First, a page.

A BLIND GUIDE TO STINKVILLE
by Beth Vrabel
Sky Pony Press, an imprint of Skyhorse Publishing Inc., 288 pages
reviewed by Mandy King
A Blind Guide to Stinkville is a story told through the fuzzy vision of 11-year-old Alice, whose albinism and near blindness give her the perspective to uncover hidden stories of the people in her new town. The genius of Vrabel’s approach is that the reader meets the other characters through nuances of feelings and impressions rather than stark physical descriptions. The book is not a page-turner plot-wise and there are no major catastrophes; instead the novel peers beneath the superficial to reveal important lessons about what it means to be a member of small town community.
Despite the fact that Alice has to use a magnifying glass to read a book a few inches from her face, she is the only person in the story who truly sees what is going on around her. Initially, Alice thinks her new hometown of Sinkville, aka “Stinkville,” is a horrible place dominated by the terrible smell emanating from the local paper-mill. It’s nothing like where she grew up in Seattle.
However, as Alice reveals the stories of the townspeople, Stinkville becomes a much less stinky place. Alice finds the beauty buried beneath the surface of Stinkville —like her brother’s crush on a local girl, or the fact that the owner of the diner and the mayor of the town are in love with one another, or just the deliciousness of a specially made PB&J milkshake at the diner. These observations are given voice in an essay contest to showcase the town’s success stories, which Alice seizes as the perfect platform to ask questions about the town’s history and its inhabitants. It is clear the author has a love for small towns and their quirks. Home is where the heart is, even if it smells like rotten eggs.
Perhaps the best lesson for young people in the book is one that Alice keeps telling herself: “Be your own advocate.” Previously, Alice’s albinism and near-blindness forced her to rely on others, but, in her new town, Alice uses her cane and sheer will-power to explore. Alice’s story reminds us that we are strongest when we believe in ourselves. And Alice’s aptitude for getting people to reveal themselves helps the reader realize that being different is a strength rather than a weakness.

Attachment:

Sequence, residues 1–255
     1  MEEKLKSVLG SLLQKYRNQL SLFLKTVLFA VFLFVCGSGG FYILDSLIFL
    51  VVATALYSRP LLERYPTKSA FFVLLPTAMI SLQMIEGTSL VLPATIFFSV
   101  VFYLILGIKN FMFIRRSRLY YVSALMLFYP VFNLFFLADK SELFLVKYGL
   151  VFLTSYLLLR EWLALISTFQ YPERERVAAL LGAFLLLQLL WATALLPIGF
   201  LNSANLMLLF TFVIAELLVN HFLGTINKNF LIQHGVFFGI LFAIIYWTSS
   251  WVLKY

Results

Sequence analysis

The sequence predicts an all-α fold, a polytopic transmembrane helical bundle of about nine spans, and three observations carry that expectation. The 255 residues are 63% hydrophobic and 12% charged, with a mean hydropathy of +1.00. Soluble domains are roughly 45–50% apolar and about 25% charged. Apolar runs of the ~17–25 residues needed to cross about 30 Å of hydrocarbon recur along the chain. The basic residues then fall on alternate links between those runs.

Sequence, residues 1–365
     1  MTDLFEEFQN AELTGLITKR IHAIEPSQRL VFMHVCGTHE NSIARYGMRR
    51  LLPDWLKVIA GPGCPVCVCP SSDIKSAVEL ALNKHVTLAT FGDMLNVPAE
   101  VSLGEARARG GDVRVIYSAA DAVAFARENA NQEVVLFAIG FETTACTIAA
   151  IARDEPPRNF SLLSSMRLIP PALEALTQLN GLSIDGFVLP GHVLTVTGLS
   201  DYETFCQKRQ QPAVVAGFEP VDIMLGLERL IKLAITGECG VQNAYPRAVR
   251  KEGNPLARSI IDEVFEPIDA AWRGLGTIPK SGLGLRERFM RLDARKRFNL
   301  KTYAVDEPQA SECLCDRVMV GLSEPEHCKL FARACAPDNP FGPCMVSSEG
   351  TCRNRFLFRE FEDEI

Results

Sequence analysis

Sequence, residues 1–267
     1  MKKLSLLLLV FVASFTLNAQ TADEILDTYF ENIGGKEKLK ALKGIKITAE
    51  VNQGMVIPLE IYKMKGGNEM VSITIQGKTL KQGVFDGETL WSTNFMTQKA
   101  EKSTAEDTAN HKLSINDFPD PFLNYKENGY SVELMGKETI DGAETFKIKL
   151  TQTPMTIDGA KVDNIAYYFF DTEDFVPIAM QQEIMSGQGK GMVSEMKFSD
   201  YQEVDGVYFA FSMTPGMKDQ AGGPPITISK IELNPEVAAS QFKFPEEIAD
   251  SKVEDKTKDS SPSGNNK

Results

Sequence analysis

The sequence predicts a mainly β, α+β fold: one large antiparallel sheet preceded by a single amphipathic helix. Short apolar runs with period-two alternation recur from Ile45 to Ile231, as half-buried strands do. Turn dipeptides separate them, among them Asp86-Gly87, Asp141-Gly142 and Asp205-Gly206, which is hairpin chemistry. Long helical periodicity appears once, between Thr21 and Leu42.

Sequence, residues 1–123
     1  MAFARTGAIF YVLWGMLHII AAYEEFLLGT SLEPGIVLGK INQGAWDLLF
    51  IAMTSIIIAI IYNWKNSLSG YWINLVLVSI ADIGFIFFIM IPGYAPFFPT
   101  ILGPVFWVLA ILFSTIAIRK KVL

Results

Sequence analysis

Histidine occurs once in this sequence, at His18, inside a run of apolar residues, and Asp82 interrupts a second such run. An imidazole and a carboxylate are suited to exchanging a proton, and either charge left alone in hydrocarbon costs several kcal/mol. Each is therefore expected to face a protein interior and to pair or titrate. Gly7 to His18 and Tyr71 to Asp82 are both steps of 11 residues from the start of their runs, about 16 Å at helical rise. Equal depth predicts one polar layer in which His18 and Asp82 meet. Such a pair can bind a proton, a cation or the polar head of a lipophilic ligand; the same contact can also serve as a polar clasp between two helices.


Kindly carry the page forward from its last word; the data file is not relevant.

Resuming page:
A Blind Guide to Stinkville takes the common approach of using the struggles of the main character to sketch out the characters of a town where everyone is fighting their own battles. Through Alice’s daily first person narrative we learn about Alice’s family and the townspeople, and gradually Alice’s albinism becomes just one of many issues that people struggle with in the book. We witness her mom’s battle with depression, old Mr. Hamlin’s fight with his son about being put into a nursing home, and a young girl’s attempt to hide her dyslexia. At first it felt like too many issues packed into one book, but the more I stepped back, the more I realized that Vrabel shows us what real life is like—an often uncomfortable jumble of hard-to-talk about topics.
Though Vrabel’s choice to contrast Alice’s freedom in her former home with her initial helplessness in Stinkville feels a bit unrealistic at times, it serves to illustrate Alice’s dependence upon her family. The reader easily perceives that Alice was hindered very little by her disability in her former home of Seattle, which does dramatize the difficulties Alice faces as an albino in her new town. If this were an adult novel, Alice’s ability to see the truths around her despite her blindness might feel contrived. However, the shifted approach of an albino character presents this trope in a manner accessible to younger readers.
At its heart, A Blind Guide to Stinkville is an homage to small towns and a reminder that everyone is fighting his or her own battles. The town and its characters come to life with Alice’s colorful and intuitive descriptions. This book is perfect for a classroom library or for any young reader who feels like an outsider. Vrabel does a fine job showing us that Alice’s disability is one facet of who she is and not a crippling condition controlling her life.
Mandy King works as a digital marketing strategist, spending most of her days writing and editing content that lives on the web. The best job she ever had was head of the events and marketing program at Boulder Book Store, one of the U.S.’s largest independent bookstores. To her mind, the perfect day starts with a cup of tea and ends with a bag (or two) of new books.